“Actions in which the ends justify the means, in which everything that is technically possible is done, violate trust, they sow distrust,” she said. “The end result is not more security but less.”
“Is it right to act this way because others in the world do the same?”
“Billions of people living in undemocratic states today are looking very closely at how the democratic world responds to security threats – whether it acts with self-confidence and prudence, or whether it cuts off the branch that makes it so attractive in the eyes of billions: the freedom and dignity of the individual.”
Confessions of an ex-TSA agent: Jason Edward Harrington
I quickly discovered I was working for an agency whose morale was among the lowest in the U.S. government. In private, most TSA officers I talked to told me they felt the agency’s day-to-day operations represented an abuse of public trust and funds.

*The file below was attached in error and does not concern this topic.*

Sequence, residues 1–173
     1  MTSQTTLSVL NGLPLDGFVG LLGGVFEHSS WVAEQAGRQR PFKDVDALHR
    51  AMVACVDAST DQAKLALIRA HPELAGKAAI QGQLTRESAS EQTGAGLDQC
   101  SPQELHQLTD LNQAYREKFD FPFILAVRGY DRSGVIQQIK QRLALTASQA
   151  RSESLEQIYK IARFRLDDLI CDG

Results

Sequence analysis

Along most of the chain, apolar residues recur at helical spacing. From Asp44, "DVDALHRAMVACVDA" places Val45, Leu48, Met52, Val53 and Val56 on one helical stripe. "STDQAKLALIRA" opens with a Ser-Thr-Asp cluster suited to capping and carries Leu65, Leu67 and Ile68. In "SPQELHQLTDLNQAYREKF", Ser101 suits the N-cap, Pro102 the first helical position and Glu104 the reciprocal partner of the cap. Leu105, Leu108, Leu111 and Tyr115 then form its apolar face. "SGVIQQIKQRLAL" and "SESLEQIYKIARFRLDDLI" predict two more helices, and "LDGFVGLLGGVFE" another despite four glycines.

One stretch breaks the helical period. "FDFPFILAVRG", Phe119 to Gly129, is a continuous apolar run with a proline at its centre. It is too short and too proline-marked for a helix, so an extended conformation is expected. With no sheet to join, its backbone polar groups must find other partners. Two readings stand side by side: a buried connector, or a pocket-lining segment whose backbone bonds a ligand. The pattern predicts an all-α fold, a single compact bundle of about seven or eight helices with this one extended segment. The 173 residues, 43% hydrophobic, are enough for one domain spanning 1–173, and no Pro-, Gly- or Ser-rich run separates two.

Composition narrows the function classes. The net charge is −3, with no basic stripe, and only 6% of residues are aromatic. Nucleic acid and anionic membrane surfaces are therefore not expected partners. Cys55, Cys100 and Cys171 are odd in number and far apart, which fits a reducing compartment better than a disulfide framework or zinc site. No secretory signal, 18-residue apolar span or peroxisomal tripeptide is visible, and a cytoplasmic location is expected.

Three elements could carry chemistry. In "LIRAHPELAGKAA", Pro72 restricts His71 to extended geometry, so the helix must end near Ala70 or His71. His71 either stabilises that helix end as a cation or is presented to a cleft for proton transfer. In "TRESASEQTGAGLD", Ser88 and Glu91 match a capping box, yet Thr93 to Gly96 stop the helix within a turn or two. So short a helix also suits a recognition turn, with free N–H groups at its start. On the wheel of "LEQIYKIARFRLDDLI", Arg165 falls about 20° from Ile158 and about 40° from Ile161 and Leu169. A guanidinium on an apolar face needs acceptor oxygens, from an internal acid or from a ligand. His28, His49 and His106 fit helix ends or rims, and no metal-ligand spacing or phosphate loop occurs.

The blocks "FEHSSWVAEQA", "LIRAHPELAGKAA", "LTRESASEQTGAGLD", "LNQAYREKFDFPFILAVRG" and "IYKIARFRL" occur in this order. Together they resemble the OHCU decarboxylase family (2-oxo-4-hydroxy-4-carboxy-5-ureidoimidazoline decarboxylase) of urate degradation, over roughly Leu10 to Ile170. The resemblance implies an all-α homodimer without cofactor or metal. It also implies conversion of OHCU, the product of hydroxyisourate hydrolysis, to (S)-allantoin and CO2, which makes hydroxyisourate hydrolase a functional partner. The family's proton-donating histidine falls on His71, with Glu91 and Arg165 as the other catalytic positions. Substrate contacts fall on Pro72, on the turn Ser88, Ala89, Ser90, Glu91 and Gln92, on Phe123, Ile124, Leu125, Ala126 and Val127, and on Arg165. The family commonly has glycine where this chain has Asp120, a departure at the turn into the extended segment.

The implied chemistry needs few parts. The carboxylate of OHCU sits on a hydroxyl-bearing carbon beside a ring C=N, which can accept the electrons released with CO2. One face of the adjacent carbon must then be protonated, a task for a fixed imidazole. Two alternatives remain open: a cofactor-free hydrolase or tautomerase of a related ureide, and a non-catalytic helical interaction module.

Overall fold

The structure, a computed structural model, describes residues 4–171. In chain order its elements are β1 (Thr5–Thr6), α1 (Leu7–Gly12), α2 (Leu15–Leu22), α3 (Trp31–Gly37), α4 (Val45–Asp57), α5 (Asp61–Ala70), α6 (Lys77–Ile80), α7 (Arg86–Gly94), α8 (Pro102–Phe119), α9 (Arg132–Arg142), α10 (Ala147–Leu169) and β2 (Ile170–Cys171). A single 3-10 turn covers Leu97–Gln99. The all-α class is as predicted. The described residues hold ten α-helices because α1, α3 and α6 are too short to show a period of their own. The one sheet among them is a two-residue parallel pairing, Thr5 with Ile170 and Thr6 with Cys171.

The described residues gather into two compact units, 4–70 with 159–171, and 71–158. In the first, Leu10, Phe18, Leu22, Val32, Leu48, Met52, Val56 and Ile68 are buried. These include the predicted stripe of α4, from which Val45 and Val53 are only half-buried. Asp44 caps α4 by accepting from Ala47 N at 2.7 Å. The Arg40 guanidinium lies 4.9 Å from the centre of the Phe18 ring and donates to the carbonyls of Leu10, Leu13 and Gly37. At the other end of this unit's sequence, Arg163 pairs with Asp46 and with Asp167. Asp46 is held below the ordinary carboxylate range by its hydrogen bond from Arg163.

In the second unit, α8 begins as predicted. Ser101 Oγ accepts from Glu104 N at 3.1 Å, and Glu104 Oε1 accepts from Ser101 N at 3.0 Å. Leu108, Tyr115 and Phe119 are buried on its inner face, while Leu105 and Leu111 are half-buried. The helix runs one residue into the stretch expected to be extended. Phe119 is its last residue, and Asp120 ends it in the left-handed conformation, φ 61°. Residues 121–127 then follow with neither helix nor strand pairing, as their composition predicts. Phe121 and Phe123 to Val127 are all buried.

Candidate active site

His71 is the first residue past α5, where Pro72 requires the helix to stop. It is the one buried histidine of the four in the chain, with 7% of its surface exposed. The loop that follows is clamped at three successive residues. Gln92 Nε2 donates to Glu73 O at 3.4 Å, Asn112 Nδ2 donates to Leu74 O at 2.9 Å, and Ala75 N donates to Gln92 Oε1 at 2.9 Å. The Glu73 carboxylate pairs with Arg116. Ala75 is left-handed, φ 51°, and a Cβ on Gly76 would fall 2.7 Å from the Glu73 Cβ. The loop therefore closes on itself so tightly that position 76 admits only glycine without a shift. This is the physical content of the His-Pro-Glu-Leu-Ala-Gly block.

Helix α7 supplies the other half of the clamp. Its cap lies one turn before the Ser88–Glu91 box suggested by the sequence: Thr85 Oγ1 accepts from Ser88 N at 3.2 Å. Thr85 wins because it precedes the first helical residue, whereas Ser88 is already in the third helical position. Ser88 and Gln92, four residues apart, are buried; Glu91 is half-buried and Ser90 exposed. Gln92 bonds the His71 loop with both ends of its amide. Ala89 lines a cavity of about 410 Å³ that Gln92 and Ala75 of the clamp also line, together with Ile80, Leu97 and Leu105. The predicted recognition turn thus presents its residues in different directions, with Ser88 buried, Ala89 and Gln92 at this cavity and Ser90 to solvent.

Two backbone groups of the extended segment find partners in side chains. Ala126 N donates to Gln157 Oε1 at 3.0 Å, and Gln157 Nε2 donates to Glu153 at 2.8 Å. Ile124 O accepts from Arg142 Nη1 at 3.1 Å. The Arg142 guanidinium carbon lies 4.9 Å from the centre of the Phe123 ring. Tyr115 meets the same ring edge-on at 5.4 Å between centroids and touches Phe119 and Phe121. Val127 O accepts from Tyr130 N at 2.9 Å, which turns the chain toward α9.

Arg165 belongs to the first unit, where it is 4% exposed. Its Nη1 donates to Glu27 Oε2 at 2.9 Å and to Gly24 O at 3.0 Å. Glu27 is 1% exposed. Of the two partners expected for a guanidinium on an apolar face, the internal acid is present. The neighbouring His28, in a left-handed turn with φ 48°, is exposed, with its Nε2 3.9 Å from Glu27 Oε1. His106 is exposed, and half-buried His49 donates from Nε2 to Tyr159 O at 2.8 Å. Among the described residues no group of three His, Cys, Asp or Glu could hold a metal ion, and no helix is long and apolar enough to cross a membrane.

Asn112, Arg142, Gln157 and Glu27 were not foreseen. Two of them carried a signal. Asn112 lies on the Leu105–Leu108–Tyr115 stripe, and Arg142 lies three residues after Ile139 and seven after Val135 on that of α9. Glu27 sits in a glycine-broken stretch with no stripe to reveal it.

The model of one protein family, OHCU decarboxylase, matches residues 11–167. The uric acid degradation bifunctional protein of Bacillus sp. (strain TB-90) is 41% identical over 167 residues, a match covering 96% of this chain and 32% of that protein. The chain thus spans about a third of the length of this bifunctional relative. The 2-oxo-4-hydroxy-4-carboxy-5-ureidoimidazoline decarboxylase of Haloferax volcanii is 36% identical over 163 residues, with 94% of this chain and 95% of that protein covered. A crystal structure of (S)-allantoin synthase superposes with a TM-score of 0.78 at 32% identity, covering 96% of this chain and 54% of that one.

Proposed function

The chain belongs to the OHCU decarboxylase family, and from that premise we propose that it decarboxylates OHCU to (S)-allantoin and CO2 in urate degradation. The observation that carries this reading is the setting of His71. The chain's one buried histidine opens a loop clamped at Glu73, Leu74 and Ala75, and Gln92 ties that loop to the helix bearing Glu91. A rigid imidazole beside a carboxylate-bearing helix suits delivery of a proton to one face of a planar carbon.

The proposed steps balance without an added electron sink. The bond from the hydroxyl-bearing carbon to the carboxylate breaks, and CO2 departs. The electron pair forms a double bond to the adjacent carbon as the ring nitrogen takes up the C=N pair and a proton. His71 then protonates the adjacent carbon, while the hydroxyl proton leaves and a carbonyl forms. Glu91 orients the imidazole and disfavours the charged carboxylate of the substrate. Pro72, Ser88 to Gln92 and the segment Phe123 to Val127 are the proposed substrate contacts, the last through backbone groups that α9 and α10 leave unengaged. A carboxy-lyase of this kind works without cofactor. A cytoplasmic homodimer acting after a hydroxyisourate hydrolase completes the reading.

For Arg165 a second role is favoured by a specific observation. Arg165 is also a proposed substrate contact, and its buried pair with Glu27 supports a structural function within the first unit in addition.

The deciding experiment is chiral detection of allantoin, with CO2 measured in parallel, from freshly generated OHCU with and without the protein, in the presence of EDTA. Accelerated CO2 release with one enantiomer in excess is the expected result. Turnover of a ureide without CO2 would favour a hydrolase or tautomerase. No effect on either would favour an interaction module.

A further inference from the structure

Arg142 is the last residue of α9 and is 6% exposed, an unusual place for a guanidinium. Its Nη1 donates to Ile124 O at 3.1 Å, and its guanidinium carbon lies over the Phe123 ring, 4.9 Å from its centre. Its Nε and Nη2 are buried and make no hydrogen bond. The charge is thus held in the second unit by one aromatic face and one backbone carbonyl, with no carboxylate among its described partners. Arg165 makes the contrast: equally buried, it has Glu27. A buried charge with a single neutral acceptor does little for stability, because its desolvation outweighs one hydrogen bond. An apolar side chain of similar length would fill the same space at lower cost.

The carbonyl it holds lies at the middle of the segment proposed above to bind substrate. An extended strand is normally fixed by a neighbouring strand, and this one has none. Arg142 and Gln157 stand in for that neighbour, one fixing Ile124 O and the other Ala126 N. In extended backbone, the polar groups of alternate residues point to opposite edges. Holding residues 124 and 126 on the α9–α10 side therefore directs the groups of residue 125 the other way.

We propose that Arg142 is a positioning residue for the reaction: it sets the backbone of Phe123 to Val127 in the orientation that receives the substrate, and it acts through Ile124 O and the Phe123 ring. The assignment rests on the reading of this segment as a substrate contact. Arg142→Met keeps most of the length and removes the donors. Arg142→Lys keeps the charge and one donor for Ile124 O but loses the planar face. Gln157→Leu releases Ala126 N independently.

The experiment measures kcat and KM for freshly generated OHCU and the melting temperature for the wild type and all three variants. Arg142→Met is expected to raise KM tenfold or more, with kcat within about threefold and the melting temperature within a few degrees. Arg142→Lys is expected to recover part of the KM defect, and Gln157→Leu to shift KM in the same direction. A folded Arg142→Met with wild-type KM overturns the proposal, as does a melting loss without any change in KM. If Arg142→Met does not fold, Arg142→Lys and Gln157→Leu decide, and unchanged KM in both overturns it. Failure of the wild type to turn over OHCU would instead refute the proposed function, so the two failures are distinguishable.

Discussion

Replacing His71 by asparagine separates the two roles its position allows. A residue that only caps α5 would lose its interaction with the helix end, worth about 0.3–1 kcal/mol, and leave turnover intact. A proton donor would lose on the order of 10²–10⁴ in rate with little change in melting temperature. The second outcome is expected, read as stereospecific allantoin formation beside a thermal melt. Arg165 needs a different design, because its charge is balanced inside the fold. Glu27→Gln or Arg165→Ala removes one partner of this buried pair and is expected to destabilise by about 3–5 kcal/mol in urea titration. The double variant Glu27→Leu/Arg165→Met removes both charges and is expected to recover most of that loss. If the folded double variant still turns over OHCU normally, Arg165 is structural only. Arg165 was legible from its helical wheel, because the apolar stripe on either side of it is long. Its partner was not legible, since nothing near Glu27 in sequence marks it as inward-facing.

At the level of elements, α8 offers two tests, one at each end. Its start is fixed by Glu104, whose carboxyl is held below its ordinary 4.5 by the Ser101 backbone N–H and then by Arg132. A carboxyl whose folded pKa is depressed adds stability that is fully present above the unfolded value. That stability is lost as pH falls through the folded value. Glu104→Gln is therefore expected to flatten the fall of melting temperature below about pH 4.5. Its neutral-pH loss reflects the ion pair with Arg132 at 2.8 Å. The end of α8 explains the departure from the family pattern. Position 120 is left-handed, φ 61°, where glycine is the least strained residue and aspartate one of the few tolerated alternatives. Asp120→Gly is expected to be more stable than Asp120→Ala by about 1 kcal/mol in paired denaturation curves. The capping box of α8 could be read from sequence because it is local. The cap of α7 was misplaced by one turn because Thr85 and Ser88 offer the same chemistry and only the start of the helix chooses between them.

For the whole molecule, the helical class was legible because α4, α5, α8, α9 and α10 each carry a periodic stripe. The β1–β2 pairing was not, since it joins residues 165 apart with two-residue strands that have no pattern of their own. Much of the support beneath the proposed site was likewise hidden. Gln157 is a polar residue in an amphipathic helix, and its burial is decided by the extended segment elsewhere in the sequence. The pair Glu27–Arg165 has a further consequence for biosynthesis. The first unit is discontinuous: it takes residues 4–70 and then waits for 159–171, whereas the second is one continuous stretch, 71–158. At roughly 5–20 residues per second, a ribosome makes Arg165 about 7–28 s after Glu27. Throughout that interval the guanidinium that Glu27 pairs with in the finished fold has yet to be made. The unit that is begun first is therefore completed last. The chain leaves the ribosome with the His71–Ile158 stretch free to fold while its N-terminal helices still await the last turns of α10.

The scanners were useless. The TSA was compelling toddlers, pregnant women, cancer survivors—everyone—to stand inside radiation-emitting machines that didn’t work.
In early 2005, as demand for Silicon Valley engineers began booming, Apple’s Steve Jobs sealed a secret and illegal pact with Google’s Eric Schmidt to artificially push their workers wages lower by agreeing not to recruit each other’s employees, sharing wage scale information, and punishing violators.
A federal judge today upheld a President Barack Obama administration policy allowing U.S. officials along the U.S. border to seize and search laptops, smartphones and other electronic devices for any reason.